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The Fallen Idol: The Criterion Collection

Woe be unto Martin Scorsese. Eminently deserving of an Academy Award, at some point he's going to get it, and it's likely it will be for something that, like numerous Oscars won (say by Al Pacino or — to bring it home — Carol Reed), will be more in memorial of his earlier, greater work. Time doesn't sit well on such wins; the Academy is known for rewarding the meretricious, and films like 1968's Oliver! have aged as well as a loaf of left-out rye. And yet, when it comes to his career, it should be noted that Carol Reed directed four out-and-out masterpieces in a row. From 1947's Odd Man Out to 1948's The Fallen Idol, to 1949's internationally revered The Third Man up to 1952's neglected Outcasts of the Islands, few directors have had such a run of brilliance. Alas, Reed spent much of his later years working on pictures like Oliver! and 1965's The Agony and the Ecstasy, expending much of the goodwill those earlier pictures generated. Reed's career needs some sort of kick in the seat, and the reissues of those four films can only help. The Fallen Idol (based on a Graham Greene short story, and who collaborated on the screenplay) follows Phillipe (Bobby Henrey), the son of a French Ambassador who is mostly raised by Barnes (Ralph Richardson), and his wife (Sonia Dresdel). Mr. Barnes is very observant of the boy's needs and fills him with stories of his entirely fictional travails in Africa, while his wife is a stern disciplinarian who disapproves of Phillipe's relationship with a pet snake named McGregor. Phillipe simply wants to go out on the town with Barnes, but when he does he stumbles upon Barnes' meeting with Julie (Michele Morgan), with whom he is carrying on an affair but tells Phile that she is his niece. Learning about the need for secrets, Phillipe tries to keep it under his hat, but because he's so young his pronouns betray him and it slips out in front of Mrs. Barnes. She tells Phillipe to keep it a secret that she knows, and uses the information to monitor her husband the following day. Barnes takes Phillipe to the local zoo and to spend time with Julie, but when they return home, their evening is interrupted by Mrs. Barnes. And when an argument breaks out between the Barnes, Phile only see the beginning of their argument, and then Mrs. Barnes fatal but entirely accidental fall down a set of stairs. Thinking Mr. Barnes did it, he finds himself wandering the streets of London, only to end up with a police officer. Told the value of lying by both Mr. and Mrs. Barnes, Phillipe is torn on how to respond to the police when questioned, but can't help but leak information that points the finger at Barnes.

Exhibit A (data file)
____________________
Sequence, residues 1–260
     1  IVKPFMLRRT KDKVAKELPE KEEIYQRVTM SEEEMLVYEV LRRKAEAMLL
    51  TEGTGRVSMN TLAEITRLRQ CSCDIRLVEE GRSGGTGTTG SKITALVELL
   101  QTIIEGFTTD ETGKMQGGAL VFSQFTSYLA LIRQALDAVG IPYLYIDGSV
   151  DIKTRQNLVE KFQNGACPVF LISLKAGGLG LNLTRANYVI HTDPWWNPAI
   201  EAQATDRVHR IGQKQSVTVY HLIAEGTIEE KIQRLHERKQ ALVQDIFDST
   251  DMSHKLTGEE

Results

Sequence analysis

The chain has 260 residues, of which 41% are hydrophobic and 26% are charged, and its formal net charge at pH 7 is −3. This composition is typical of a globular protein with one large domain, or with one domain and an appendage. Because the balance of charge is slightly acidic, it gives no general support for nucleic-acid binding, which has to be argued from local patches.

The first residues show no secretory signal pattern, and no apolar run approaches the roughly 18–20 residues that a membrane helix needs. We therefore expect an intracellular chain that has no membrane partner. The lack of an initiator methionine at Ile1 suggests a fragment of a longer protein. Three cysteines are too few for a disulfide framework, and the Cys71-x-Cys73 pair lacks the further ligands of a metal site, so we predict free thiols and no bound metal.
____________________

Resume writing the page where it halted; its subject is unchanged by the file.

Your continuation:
Told from a third person point of view near the eyes of a child, The Fallen Idol is a sneaky, great film. The plot is modest, but every performance is outstanding and Reed's control of both the child actor (which the supplements describe as being hard to wrangle) and framing is never less than outstanding. Much of this is due to the material, and yet Greene has always complemented Reed for his touch (the duo worked together three times, most famously with The Third Man), which is brilliant throughout. Like a number of masterpieces from that era (including Bicycle Thieves and Germany Year Zero) that frame a great story of a child growing up though witnessing the folly and despair of adults, The Fallen Idol is able to use that child perspective to illuminate greater human truths. And hopefully the rediscovery of this masterwork will help restore in some small part Reed's reputation. The Criterion Collection presents the film in full-frame (1.33:1 O.A.R.) with DD 1.0 audio. The source-print has some missing frames and wear, but the transfer, given the source issues, is excellent and highlights the stunning black-and-white cinematography by George Perinal. Extras include "A Sense of Carol Reed" (24 min.), a documentary on director Carol Reed's career with commentary by friends and collaborators (including directors John Boorman, Guy Hamilton and Bryan Forbes), an illustrated filmography, and the film's original press book. Keep-case.
—DSH



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